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TURKEY
These pages document my time spent flying balloons in Kapadokya . . .
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Chapter 30
Joanne's Arrival
So it wasn't two days after I sign their termination contract, that Banu starts to ask if I can stay longer than the 25th of March. I found it quite entertaining that here they did their best to get me out of here a week early, and now they want me to stay. (I came to find out later, that they thought they had a pilot lined up to take my spot, so wanted me out as soon as possible. Then, something happened, the pilot back out or something, anyway, all of a sudden they don't have another pilot, so they want me to stay) . Well, I certainly would have stayed until the end of March, but they made such a thing out of me changing my ticket so I could leave by the 25th that there was no way I'm staying any later than the 25th. Besides, I was really looking forward to that week of seeing different parts of Turkey. Everyday up until the day I left (on the 25th of March of course) Banu made a point of asking me to stay longer. The more time that went by, the longer they wanted me to stay. They were almost begging me to stay through April. They even offered me more money (including offering to pay to change my ticket again) . Heh! Like I thought they would pay me anyway! I told them it wasn't about the money (and it wasn't, it was more about being treated with a little respect) and that there was nothing they could do or say to make me change my mind. Alper still wasn't back from Albuquerque yet! They still haven't payed me for the rest of February yet! I didn't know if I was going to get all the money owed to me and I kind of figured I wouldn't, but it didn't matter. Joanne would be here in another day or so and I was just going to focus on her and I enjoying our time together over here. The first couple of weeks while she was here, I would still be working, but only in the mornings, so we could still see Kapadokya and have some fun until our last week when we could really have some fun.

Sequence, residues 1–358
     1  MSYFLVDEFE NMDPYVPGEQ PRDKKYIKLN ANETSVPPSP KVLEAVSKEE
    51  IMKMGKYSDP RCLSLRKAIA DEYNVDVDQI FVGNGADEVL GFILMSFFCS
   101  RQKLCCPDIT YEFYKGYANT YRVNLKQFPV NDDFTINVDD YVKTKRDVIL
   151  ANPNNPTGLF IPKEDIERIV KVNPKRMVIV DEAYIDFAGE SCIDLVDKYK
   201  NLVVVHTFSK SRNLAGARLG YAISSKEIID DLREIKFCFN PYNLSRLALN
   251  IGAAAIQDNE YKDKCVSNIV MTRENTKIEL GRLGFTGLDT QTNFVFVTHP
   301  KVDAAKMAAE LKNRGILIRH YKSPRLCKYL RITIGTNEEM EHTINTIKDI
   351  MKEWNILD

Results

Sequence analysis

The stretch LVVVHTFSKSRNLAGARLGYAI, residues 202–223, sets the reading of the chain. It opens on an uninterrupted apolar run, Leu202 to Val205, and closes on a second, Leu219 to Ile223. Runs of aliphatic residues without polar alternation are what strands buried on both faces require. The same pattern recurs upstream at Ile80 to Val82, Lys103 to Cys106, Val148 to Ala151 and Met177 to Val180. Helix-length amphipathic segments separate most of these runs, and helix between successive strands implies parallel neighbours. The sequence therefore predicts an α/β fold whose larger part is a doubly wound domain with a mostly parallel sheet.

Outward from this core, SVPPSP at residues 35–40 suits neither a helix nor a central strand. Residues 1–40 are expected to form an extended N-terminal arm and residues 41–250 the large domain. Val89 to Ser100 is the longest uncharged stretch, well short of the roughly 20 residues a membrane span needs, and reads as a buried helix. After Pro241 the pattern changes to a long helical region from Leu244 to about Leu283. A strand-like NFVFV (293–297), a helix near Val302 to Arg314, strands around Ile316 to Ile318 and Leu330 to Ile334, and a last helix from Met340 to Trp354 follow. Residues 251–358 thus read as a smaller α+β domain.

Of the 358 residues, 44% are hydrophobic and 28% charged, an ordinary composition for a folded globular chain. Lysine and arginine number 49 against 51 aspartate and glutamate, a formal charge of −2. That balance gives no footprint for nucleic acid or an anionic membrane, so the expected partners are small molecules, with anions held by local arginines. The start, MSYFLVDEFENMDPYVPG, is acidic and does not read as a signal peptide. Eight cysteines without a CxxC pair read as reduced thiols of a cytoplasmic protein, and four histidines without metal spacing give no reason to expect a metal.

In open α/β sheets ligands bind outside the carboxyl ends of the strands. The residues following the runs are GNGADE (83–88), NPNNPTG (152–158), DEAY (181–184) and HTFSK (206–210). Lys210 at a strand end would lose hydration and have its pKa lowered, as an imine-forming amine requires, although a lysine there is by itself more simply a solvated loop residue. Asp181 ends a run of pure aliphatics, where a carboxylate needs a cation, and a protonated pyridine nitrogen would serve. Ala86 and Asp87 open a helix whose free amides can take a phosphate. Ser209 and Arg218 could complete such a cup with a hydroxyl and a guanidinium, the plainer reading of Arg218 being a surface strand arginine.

Well, the day before I pick Joanne up at the airport in Ankara, I have a flight. I'm more worried about having to fly the morning after I pick Jo up, knowing that I will be getting back from Ankara pretty late. The flight the day before was fairly nice, spent dabbling in the valley to the east of our launch site and then landing just north next to where one of the other companies launches. See below for the Google Earth image and file.
Google Earth image of flight on 3/10/2009
Google Earth image of flight on 3/10/2009
On this day, Mother Nature was on my side (for once) and it was Sancho who had a bit of bad luck. He had gotten a bit further east than I did, however he was over the very rocky area of Çavuşin castle when the winds died down. He was having a problem finding some direction, when after an hour and fifteen minutes he was out of fuel (carrying 23 passengers) . He picked a nice open spot and everyone was safe, but of course the crew had some difficulty getting to him so he was a "bad pilot". Believe me, Sancho is a very good pilot, but when the company isn't run by someone who has at least been a pilot, they don't understand. His 23 passengers must have all been Europeans that day, and he was obviously very heavy. So for once, I didn't get the third degree about my flight. There was one thing about my flight that was quite a bummer though. Once I got home, I realized that I didn't have my gps. I hustled down to the office to see if it was either in the office or the balloon or the chase vehicle. uh uh.... no where to be found. Knowing I wouldn't be able to sleep if I didn't at least make an attempt to look for it, I walked down to Göreme and rented a scooter so I could go to both mine and Sancho's landing sites. No luck. Didn't find it anywhere. So, feeling like losing my gps would really just sum up my experience here, I enjoyed the scooter ride none the less. It was really inexpensive also. It was 29 Lira for two hours, including gas. At the 1.80 exchange rate I had gotten the day before, that's about $16. I don't think you could rent a scooter like that in the U.S. for much less than $25 - $30 an hour. I got it for $8 an hour.

I have arranged through Cetin, to have a rental car, so I can pick Jo up at the airport in Ankara. Boy, this oughtta be a hoot. Having been exposed to the way the locals drive, I can only imagine what the drive to Ankara will be like. Especially once I get into Ankara. No doubt I'm excited. I can feel the adrenaline rushing through my veins. Some from the prospect of the drive, most from finally having Joanne here. The drive to Ankara is actually pretty uneventful. I couldn't help myself from leaving earlier than I knew I needed to, but I didn't have anything to do and the last thing I wanted was to be late. I take my time, driving about 110.... (that's kilometers an hour) ..... right around 55 mph. Once .I get into Ankara I really start to perk up. For one, I really needed to pay close attention so I wouldn't get lost, plus there is a whole lot more traffic and stuff going on, so I was on my toes to prevent any type of accident. I only missed one turn on the way to the airport and luckily I saw the sign as I went by. Typical of the way things are here, there was no warning, just the sign all of a sudden pointing which way to go. At least I saw it, was able to turn around fairly quickly and got to the airport a mere 4 hours before Jo's plane arrived. Well, I'm not late.
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